When we make customers dependent on our expertise, we create stinking dependency. The problem is that we solve the problem, without treating the root-cause.
And when somebody knows you well
Well, there’s no comfort like that
And when somebody needs you
Well, there’s no drug like that
(Heather Nova in London Rain)
In the previous post I raised the question of when it is time for a practitioner to end an engagement. I suggested that the delivery of our expertise is only the entry ticket. Eventually, our real added value lies in the deployment of a Social Architecture that allows the customer to be self-sufficient in sustaining the effort. Unfortunately, Social Architecture is the road less traveled. Therefore, in this post, I will zoom in on what the situation looks like in the majority of our engagements; i.e.: when we stick to doing what we were asked to do: being an expert and solving the problem.
This is how it usually goes: we enter into a contracting phase where the assignment is discussed, the timeline and the deliverables. It’s the closing of a deal. What we often neglect at that point are the benefits and the life after the delivery. Compare it to a mother who is only interested in giving birth, but not in having a child.
From the graph below you can see that the value we add for our customers increases our value, and even if we stay a little longer after the delivery (for example to do the after-care, post-analysis, auditing, optimizing, etc.) our value still increases. It’s the polishing of the solution. After that, there is no plan, … or is there?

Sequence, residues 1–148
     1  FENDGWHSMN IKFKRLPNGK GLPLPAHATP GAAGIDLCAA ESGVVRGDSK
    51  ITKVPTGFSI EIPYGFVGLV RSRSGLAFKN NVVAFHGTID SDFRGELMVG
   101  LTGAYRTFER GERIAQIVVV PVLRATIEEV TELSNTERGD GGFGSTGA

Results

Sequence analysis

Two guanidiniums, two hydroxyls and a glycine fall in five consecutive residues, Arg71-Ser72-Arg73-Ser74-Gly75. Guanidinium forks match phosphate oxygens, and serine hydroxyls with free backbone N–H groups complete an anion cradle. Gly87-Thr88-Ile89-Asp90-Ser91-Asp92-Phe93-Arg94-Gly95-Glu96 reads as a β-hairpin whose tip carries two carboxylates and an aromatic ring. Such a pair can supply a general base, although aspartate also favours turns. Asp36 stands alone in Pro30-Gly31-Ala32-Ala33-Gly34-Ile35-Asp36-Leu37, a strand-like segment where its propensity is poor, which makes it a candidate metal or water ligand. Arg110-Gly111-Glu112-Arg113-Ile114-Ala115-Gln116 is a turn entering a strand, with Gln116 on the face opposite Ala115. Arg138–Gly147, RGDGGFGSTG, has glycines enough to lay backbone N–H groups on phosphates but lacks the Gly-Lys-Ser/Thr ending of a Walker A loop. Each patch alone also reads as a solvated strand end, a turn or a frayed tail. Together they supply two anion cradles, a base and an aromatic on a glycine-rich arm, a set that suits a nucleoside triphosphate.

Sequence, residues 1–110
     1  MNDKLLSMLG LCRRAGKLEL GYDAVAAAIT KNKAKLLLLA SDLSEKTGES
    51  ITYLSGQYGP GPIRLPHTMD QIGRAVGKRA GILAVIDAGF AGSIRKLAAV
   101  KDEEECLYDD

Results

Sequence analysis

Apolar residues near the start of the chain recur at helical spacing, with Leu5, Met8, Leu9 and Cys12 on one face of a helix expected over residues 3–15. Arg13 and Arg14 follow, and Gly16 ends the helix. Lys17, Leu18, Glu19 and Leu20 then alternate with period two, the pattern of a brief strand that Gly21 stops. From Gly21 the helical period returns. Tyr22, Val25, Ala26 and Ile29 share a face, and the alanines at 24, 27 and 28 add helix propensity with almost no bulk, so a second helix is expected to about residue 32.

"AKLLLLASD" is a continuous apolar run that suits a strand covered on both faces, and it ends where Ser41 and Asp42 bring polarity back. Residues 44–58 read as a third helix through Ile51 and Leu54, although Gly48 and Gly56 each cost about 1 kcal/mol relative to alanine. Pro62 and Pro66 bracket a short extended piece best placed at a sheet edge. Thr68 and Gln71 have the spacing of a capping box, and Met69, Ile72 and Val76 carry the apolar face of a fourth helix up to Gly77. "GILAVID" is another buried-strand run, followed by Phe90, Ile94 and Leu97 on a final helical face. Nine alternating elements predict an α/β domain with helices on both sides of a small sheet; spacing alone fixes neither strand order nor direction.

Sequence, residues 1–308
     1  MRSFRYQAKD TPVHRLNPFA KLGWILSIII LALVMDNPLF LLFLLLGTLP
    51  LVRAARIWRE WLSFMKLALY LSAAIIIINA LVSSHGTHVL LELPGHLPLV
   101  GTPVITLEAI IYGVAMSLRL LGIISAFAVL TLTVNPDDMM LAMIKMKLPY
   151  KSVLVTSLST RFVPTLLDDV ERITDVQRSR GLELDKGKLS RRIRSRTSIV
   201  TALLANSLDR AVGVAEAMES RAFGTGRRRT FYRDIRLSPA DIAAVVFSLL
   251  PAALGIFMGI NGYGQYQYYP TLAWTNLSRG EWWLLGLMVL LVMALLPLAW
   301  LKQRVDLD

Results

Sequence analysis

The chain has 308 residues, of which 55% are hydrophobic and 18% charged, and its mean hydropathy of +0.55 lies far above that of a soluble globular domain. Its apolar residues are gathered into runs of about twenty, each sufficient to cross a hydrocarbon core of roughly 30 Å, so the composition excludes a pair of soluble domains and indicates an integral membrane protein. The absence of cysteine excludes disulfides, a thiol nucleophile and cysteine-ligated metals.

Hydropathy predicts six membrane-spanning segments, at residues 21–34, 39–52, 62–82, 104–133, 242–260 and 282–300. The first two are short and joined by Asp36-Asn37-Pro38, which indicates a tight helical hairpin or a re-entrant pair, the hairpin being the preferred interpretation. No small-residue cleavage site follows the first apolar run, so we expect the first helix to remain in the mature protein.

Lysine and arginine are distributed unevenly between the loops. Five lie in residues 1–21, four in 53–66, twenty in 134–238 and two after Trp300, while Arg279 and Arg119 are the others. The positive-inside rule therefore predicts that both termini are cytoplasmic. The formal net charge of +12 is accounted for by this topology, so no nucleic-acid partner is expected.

Logically speaking, the top of the curve is the cut-off point where such engagements should be ending. Unfortunately, this is where it goes wrong in 99% of the cases. As the contracting phase was limited to the closing of a deal, no agreements were made about sustaining the solution in the long run. Sure enough, ‘knowledge transfer‘ and ‘documentation‘ may be part of the journey, but they carry the same value as an obstetrician handing over an encyclopedia to the mother on the last appointment.
And here is the perversity of our profession: instead of navigating towards independency, we see customers and practitioners diving into a victim-rescuer dynamic. The perceived value of our interventions remains high, but in reality we have tipped over into being a hired hand. There are several reasons why I talk about a ‘stinking problem‘ in such cases:
- The victim-rescuer dynamic produces a cycle of ad-hoc urgencies and heroic acts. This cycle is symptomatic and functions as a self-fulfilling prophecy in that it confirms over and over that the interventions are necessary. Aren’t we lucky to still have the experts on board?’. While being unethical for both, the client and the practitioner, this dynamic is only the visible part of a far more brutal truth, i.e.:
- The initial cause of the problem isn’t solved. The simple fact that we restrict to doing what we were hired for (solving the problem), often implies that we neglect to talk about the root-cause and to have a conversation on the conditions that should be met in order to sustain a solution in the long run.
- Relationship management is being (ab)used for creating recurring business, instead of building a Social Architecture. Instead of building and strengthening the social fabric of self-sufficiency, the time spent at, and with the customer is filled with conversations that only serve the perpetual victim-rescuer dynamic.
It’s sad to conclude that the perpetuation of the victim-rescuer dynamic is abundant (and taken for granted). But there is another path, provided that we have the guts to bring it up even before the contract is closed.
In the next and last post of this series I will talk about the conciliation of the ideal situation and what usually happens, because bringing the two situations together gives us a surprisingly accurate answer to the initial question: When is it time to go?
Series Navigation<< When is it Time to Go? (Part 1)When is it Time to Go? (Part 3) >>
Pingback: When is it Time to Go? (Part 1) | Reply-MC()
Pingback: When is it Time to Go? (Part 3) | Reply-MC()